Financial Planner Jobs Overview


Updated January 11, 2023

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How is a financial planner different from other financial advisors? Explore financial planner jobs in this guide, including common skills, responsibilities, and specializations. is an advertising-supported site. Featured or trusted partner programs and all school search, finder, or match results are for schools that compensate us. This compensation does not influence our school rankings, resource guides, or other editorially-independent information published on this site.

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A financial planner is an investment professional that offers financial advice to clients. Financial planners guide and counsel clients on major financial processes, such as keeping track of accounts, understanding credit, making smart investments, and budgeting.

Working as part of wealth management firms or in an independent capacity, financial planners advise a range of clients, including small business owners, couples and families, and entrepreneurs.

Most financial planners work full time, but they may also need to work after hours and on weekends. Financial planning is a major part of the insurance, wealth management, investment banking, and personal finance sectors.

The time is ripe for the financial planning market, which is worth $59.3 billion in 2022 with an average yearly growth of 3.4%, according to IBISWorld. Learn more about a financial planner's role and how you can get started in this career.

Financial Planner Duties

Financial planners have a deep understanding of personal finance, financial markets, and how to interpret financial data. A financial planner helps and guides clients with investments, asset building, retirement planning, savings, and major decisions.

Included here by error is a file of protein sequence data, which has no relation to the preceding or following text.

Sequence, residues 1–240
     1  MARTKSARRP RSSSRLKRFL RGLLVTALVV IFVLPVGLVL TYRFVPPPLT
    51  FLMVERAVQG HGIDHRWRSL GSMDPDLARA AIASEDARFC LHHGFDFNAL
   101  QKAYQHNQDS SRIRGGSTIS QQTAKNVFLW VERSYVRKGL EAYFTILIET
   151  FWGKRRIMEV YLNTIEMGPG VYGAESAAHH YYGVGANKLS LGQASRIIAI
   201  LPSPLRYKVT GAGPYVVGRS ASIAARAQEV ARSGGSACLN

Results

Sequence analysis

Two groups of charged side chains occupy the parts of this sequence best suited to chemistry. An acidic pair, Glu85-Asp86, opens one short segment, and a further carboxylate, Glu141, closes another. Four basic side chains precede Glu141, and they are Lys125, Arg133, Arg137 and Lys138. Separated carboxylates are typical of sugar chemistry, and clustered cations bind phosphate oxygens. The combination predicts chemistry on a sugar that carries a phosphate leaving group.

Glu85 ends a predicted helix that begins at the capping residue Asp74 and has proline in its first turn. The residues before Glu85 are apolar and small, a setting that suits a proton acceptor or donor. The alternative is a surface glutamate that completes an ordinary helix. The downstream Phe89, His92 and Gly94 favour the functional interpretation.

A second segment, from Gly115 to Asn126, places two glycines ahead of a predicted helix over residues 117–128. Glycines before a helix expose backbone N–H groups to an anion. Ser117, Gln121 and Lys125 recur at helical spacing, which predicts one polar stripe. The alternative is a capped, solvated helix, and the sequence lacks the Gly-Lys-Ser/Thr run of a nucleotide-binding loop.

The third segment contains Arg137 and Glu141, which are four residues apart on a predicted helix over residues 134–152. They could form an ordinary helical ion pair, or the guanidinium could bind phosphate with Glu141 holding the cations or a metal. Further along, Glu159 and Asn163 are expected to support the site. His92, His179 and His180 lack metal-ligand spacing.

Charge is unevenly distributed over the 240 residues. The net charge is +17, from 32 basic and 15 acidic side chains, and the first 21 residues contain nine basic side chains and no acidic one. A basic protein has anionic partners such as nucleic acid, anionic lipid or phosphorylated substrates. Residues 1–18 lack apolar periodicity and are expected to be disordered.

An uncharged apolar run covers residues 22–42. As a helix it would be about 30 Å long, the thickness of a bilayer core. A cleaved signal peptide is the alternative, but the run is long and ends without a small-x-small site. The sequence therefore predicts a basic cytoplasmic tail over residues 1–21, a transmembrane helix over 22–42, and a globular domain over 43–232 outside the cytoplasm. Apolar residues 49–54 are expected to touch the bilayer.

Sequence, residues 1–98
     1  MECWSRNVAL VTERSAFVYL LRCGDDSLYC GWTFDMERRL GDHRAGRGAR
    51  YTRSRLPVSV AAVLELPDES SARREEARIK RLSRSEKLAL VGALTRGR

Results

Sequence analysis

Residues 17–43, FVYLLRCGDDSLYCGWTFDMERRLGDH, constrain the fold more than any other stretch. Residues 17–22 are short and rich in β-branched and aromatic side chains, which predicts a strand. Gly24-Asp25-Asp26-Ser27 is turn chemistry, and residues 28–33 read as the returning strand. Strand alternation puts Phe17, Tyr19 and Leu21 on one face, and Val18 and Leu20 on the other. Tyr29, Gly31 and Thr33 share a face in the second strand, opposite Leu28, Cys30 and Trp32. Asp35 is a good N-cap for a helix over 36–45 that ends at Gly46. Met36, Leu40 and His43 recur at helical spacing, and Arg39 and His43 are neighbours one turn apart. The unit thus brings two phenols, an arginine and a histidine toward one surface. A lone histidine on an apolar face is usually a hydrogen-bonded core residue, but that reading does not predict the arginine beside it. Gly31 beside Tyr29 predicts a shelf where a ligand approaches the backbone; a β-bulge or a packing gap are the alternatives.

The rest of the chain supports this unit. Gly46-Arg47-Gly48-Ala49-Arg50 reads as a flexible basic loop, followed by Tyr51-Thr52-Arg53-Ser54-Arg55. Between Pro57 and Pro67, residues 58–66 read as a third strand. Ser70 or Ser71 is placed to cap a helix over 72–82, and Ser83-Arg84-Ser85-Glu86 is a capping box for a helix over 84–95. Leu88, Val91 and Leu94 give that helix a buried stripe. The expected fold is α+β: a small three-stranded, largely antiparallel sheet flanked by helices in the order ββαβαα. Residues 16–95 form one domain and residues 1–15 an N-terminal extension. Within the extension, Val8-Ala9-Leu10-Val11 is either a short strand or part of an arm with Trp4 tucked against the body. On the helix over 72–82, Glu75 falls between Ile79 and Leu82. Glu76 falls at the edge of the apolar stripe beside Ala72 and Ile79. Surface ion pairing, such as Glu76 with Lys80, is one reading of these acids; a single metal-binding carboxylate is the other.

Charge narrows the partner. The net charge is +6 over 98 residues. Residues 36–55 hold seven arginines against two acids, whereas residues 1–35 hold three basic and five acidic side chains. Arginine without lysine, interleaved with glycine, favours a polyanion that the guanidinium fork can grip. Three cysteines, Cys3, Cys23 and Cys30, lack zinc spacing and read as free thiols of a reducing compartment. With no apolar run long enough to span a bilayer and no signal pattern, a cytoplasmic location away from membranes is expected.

Other responsibilities of a financial planner include:

  • Portfolio Management: Financial planners manage investment portfolios for their clients. This involves creating and overseeing investment accounts such as a retirement fund, education fund, or stocks and bonds.
  • Private Wealth Management: A financial planner may need to perform wealth management for affluent clients. This high-level financial planning service includes investment management, tax advice and guidance, and estate planning.
  • Investment Research: The duties of a financial planner include tracking financial markets, making forecasts, and offering clients the right investment advice. Based on this research, financial planners also produce financial reports.
  • Risk Management: Financial planners not only need to identify potential investment risks but also devise strategies to mitigate and eliminate them. Risk management is often a significant part of financial planning.
  • Financial Assessment: Reviewing clients' finances determines whether they are on track to achieve their financial goals. Based on this, financial planners offer them advice and guidance to reach their goals faster and more efficiently.

Key Hard Skills for Financial Planners

  • Financial Analysis

    Financial planners need strong analytical skills to evaluate investments, budgets, and transactional performance and profitability.
  • Business Development

    A key skill in financial planning is developing businesses — a group of strategies, ideas, and activities to start, grow, or elevate an enterprise.
  • Investments

    Since investments are a crucial part of financial planning, deep knowledge in this area is essential for every financial planner. Several forms of investments include retirement or education funds, brokerage, stocks and bonds, and insurance.
  • Research

    Financial planners need to spend significant time researching the market. They must observe trends, keep track of market changes, and be up to date on regulations.

Key Soft Skills for Financial Planners

  • Networking

    Financial planners need to actively network to get new clients. Networking opportunities may include conferences, seminars, business association meetings, and advertisements.
  • Communication

    Excellent communication skills are special for every financial planner. Since clients rely on their advisors for financial decisions, a financial planner must explain complex information in clear and simple terms.
  • Analytical Thinking

    Since financial planners gather information from various sources, they must possess strong analytical skills to process this data.
  • Detail Orientation

    Financial planners must focus on detail when researching and making notes on their client's finances. Ensuring the accuracy of data and documents and eliminating errors are necessary skills for any financial advisor.

Financial Planner Areas of Expertise

Any industry involving money and investments needs financial planners. Many financial planners begin their careers as generalists, but with experience, they can specialize in an area that interests them.